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Annales Geophysicae An interactive open-access journal of the European Geosciences Union
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Volume 34, issue 10
Ann. Geophys., 34, 887–900, 2016
https://doi.org/10.5194/angeo-34-887-2016
© Author(s) 2016. This work is distributed under
the Creative Commons Attribution 3.0 License.
Ann. Geophys., 34, 887–900, 2016
https://doi.org/10.5194/angeo-34-887-2016
© Author(s) 2016. This work is distributed under
the Creative Commons Attribution 3.0 License.

Regular paper 18 Oct 2016

Regular paper | 18 Oct 2016

Can the comprehensive model phase 4 (CM4) predict the geomagnetic diurnal field for days away from quiet time?

Elvis Onovughe1,2 Elvis Onovughe
  • 1Department of Earth Sciences, Federal University of Petroleum Resources, Effurun, Nigeria
  • 2Jane Herdman Laboratories, University of Liverpool, Liverpool, L69 3GP, UK

Abstract. The most recent comprehensive model (CM4) of the geomagnetic field (Sabaka et al., 2004) has been used in conjunction with geomagnetic ground observatory station data to analyse and study the geomagnetic diurnal variation field for days away from quiet time and the CM4 prediction for these times. Even though much has been learnt about many components of the geomagnetic field, the diurnal variation field behaviour for days away from quiet time (moderately disturbed time) has not been intensively studied. Consequently, we analyse these, and the predictive ability of the CM4 for ground variations, and whether the CM4 prediction of the diurnal variation (whether at quiet time or away from quiet time) is valid outside the period of reference that from which the data were used in modelling. In carrying out the study, we compared the observatory station data and the CM4 prediction directly. Using the CM4 code, well-characterised internal and magnetospheric components were subtracted from the data, plots and global maps of the residual field generated and then compared with the CM4 to see how well the model performed in predicting the data at moderately disturbed time (Kp  ≤  5). The results show that the CM4 is valid and produces useful predictions outside the period covering the timespan of the model and during moderately disturbed time, despite the lack of active data in the original model dataset. The model predictability of the data increases as we move to higher spherical harmonic degree truncation, as the model–data misfit is reduced, but with increased roughness as a result of small-scale features incorporated. The observed results show that this relationship between the increase in spherical harmonic degree truncation and reduction in misfit can be restricted by data quality or quantity and global coverage or spread.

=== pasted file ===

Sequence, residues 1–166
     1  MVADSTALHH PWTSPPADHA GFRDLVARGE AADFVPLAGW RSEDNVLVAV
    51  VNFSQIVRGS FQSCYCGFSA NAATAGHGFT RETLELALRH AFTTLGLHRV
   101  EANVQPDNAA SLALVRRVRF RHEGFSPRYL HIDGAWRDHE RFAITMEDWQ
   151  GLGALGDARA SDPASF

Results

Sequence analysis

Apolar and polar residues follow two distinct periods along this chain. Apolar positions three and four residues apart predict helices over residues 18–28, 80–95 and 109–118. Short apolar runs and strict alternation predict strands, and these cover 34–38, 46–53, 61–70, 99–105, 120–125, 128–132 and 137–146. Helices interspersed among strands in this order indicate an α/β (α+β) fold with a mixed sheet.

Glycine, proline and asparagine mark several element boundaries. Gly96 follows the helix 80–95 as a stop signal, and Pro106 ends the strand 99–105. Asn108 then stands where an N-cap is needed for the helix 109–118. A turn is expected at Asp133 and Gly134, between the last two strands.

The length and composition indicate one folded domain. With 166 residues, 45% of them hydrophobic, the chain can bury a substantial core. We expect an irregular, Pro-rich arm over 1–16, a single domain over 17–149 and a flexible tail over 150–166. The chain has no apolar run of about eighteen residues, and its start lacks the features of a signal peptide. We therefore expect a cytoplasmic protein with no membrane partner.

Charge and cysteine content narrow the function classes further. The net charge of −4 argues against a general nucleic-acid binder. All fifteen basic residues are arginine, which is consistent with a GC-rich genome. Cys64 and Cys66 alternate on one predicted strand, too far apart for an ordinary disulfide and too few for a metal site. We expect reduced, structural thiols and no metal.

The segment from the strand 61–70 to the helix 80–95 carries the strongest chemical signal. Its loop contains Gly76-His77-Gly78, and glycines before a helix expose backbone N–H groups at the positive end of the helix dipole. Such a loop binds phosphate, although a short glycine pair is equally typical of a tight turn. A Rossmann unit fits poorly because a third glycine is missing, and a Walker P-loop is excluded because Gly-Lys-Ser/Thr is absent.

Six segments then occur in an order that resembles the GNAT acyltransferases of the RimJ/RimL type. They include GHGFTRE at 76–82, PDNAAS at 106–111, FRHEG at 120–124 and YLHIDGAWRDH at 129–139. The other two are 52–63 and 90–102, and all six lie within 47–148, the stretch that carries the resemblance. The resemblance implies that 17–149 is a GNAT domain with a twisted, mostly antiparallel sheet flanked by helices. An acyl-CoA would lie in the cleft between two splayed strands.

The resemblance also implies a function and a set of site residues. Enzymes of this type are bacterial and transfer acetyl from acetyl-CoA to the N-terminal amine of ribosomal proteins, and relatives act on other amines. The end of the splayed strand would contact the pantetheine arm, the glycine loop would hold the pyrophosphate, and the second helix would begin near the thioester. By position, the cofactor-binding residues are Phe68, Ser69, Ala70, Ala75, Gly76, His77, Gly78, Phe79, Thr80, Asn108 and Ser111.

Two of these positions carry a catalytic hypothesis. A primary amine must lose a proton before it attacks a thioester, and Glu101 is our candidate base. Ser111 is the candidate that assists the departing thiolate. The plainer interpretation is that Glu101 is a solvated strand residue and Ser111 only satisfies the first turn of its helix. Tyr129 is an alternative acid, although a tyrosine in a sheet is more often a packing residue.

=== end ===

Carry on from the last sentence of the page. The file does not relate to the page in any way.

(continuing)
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We assess the CM4 of daily variation and whether it can be applied to times and activity levels outside of those that provide input data for the model. Our conclusion shows that the model works well at times outside those from which CM4 was produced and also performs better than expected at activity levels higher than that for which CM4 was designed, although it fails to predict short-period behaviour.
We assess the CM4 of daily variation and whether it can be applied to times and activity levels...
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